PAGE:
Released April 21, 2015
Bottom Line: Read it.
Affiliate Link: Buy from Amazon
Krakauer’s incredibly readable investigative journalism had me turning the issues of rape and the justice system over and over in my head and was almost a 5 star read for me (only a tedious final section prevented me from giving it that last half star). It would make for a meaty book club discussion.
Krakauer explores rape and the justice system on college campuses through a look at several acquaintance rape cases at the University of Montana in Missoula.
Why I Read It
I’m interested in this particular issue and love Krakauer’s very readable investigative work (particularly Under the Banner of Heaven).
Rape (particularly acquaintance rape), criminal procedure, criminal and university justice systems, rape victim recovery
My Major Takeaways
It was difficult for me to critically review Missoula as a book because my mind was too consumed with the issues that Krakauer raised. So, I’m going with a discussion of those issues rather than a traditional review.
- Acquaintance rape and stranger rape are vastly different animals…mostly as they pertain to the affects on the victim, her recovery, and the experience she is likely to have if the rape goes to trial. A victim of acquaintance rape could face the prospect of questioning whether a rape even occurred, having her character torn apart publicly, having people not believe her story, having a lower likelihood of putting the rapist behind bars, and blaming herself for what happened. Not to say that victims of stranger rape don’t deal with any of these issues, but I’d say it’s on a much lesser scale than for victims of acquaintance rape.
- The incentives for prosecutors to take on rape cases are skewed in favor of defendants…prosecutors want to maintain a high win percentage and rape cases are notoriously difficult to win given their he said/she said nature (particularly acquaintance rape cases). So, prosecutors might choose not to press charges in cases that aren’t sure winners (i.e. many rape cases).
- In fact, the entire justice system is skewed in favor of the defendant…which makes sense given the U.S. is an “innocent until proven guilty” nation. But, it’s tough on rape victims. A rape victim has no lawyer fighting for her personal interests (like a defendant does) and no say in how the prosecutor argues her rape case or if a proposed plea deal is acceptable. Defense attorneys are not bound by as stringent a set of ethical expectations and deterrents for telling the truth in court, and in many cases, will go to whatever length necessary to get their clients off.
- Feeling empowered again is critical to a rape victim’s recovery and the ability to put the rapist behind bars goes a long way towards a victim regaining her sense of empowerment.
- Title IX legislation included sexual assault directives for Universities…which required Universities to develop a system for handling sexual assault cases. Then, per a subsequent 2011 directive, Universities were required to use a lower standard of proof when trying rape cases within the campus system. Instead of the criminal “beyond a reasonable doubt”, Universities are to use “the preponderance of evidence” (aka “more likely than not”) as the standard of proof, meaning “just 51% of the credible evidence indicated that the accused had committed the offense.”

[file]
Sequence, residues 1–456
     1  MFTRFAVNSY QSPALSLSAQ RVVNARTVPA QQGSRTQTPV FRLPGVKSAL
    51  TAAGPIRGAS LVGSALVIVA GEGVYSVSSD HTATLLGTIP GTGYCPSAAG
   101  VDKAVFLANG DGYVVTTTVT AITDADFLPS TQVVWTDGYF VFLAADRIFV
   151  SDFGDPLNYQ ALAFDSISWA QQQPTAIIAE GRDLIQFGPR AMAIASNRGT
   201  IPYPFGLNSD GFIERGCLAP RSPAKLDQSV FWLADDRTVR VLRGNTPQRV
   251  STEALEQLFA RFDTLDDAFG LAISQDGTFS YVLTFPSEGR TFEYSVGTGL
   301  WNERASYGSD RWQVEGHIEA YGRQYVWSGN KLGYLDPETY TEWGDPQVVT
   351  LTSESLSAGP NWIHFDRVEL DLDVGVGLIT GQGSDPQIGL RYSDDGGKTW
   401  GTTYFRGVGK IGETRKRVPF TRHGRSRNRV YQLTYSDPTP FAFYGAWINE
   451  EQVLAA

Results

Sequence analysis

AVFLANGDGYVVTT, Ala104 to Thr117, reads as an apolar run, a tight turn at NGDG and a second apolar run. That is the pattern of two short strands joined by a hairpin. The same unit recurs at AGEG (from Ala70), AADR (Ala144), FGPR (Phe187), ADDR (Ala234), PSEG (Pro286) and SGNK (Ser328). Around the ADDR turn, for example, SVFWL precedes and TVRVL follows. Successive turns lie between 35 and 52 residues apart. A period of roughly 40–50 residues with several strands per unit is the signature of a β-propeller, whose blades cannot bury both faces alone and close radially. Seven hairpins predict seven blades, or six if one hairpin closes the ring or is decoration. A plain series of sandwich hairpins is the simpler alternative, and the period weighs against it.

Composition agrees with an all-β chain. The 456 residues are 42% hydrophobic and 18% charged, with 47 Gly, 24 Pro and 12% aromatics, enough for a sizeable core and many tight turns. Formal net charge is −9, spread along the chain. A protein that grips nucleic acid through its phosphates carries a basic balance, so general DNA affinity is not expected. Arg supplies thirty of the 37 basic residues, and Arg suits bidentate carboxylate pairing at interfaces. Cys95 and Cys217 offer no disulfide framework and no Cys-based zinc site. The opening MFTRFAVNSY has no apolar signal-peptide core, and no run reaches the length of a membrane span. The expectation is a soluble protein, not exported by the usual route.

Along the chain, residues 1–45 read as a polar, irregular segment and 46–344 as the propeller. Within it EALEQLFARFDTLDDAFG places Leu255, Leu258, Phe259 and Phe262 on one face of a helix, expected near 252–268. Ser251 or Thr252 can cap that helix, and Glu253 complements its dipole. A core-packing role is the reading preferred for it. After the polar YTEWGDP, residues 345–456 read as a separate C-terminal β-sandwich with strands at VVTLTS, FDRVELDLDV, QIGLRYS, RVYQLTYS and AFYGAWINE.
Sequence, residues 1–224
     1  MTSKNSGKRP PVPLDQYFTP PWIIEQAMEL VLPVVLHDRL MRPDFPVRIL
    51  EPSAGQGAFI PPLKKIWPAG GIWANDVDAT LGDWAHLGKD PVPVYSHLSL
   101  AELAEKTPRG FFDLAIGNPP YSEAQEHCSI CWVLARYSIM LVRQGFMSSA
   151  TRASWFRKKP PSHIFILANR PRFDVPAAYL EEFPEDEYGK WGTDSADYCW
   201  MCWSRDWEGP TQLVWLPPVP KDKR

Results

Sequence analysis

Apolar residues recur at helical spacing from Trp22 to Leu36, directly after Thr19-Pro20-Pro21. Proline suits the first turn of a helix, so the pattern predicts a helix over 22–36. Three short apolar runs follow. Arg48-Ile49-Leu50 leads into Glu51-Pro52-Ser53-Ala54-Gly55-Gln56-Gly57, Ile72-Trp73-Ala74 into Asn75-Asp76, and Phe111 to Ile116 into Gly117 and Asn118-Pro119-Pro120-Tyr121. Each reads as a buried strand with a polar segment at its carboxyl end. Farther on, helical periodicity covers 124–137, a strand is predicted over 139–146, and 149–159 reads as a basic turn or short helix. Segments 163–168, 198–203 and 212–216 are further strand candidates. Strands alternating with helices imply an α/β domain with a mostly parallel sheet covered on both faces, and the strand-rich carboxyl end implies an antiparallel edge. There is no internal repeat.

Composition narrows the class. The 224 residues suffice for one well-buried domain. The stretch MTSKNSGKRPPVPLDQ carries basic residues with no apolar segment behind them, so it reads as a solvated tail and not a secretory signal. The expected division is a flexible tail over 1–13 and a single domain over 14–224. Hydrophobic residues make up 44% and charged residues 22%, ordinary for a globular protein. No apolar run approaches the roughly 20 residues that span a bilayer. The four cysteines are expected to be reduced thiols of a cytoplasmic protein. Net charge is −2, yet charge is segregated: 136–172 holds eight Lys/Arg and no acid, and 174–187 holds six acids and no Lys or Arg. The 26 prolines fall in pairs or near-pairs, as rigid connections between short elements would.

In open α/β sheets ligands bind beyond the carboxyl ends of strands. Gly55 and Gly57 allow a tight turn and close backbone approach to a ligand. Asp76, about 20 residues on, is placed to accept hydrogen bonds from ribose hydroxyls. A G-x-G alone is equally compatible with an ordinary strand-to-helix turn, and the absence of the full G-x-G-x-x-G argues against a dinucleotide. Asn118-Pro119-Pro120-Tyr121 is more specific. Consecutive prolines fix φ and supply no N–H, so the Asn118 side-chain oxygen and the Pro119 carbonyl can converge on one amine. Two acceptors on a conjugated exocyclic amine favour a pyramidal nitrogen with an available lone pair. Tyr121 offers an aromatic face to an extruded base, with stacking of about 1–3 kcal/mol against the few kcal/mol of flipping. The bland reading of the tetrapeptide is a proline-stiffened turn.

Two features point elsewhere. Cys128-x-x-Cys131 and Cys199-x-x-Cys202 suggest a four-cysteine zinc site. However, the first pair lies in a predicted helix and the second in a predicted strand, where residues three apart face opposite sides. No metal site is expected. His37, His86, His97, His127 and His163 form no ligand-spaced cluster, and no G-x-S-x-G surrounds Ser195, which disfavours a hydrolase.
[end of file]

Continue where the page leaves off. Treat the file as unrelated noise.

- How do you balance the police’s responsibility to believe a rape victim’s story with its responsibility to protect the alleged rapist’s right to be “innocent until proven guilty”? The police need to create an accepting atmosphere to encourage terrified rape victims to come forward, but they also need to question the victims’ stories to respect the alleged rapist’s right to be “innocent until proven guilty”. It’s a tough balance.
- How do you feel about the differing standards of proof for rape cases in the criminal vs. academic justice systems? Do you buy the rationale that the difficulty of putting a rapist behind bars through the criminal system makes it fair to use a lower standard of proof for the academic process given the worst possible punishment is merely expulsion from school (rather than jail time and a permanent criminal record)?
- The book doesn’t propose a solution to the the issues Krakauer raised. What type of solution do you think is necessary to ensure victims feel comfortable reporting rapes and that more rape cases get to be decided by a jury?
A Defining Quote
Police and prosecutors are morally and professionally obligated to make every effort to identify specious rape reports, safeguard the civil rights of rape suspects, and prevent the falsely accused from being convicted. At the same time, however, police and prosecutors are obligated to do everything in their power to identify individuals who have committed rape and ensure that the guilty are brought to justice.
Good for People Who Like…
Investigative journalism, exposes, narrative nonfiction, criminal justice system, psychology, books that make you think
Other Books You May Like
The Underground Girls of Kabul by Jenny Nordberg
Under the Banner of Heaven by Jon Krakauer
Also check out Tara at Running N Reading’s review for a different style analysis of this book…including links to the real life news stories and pictures of some of the major players.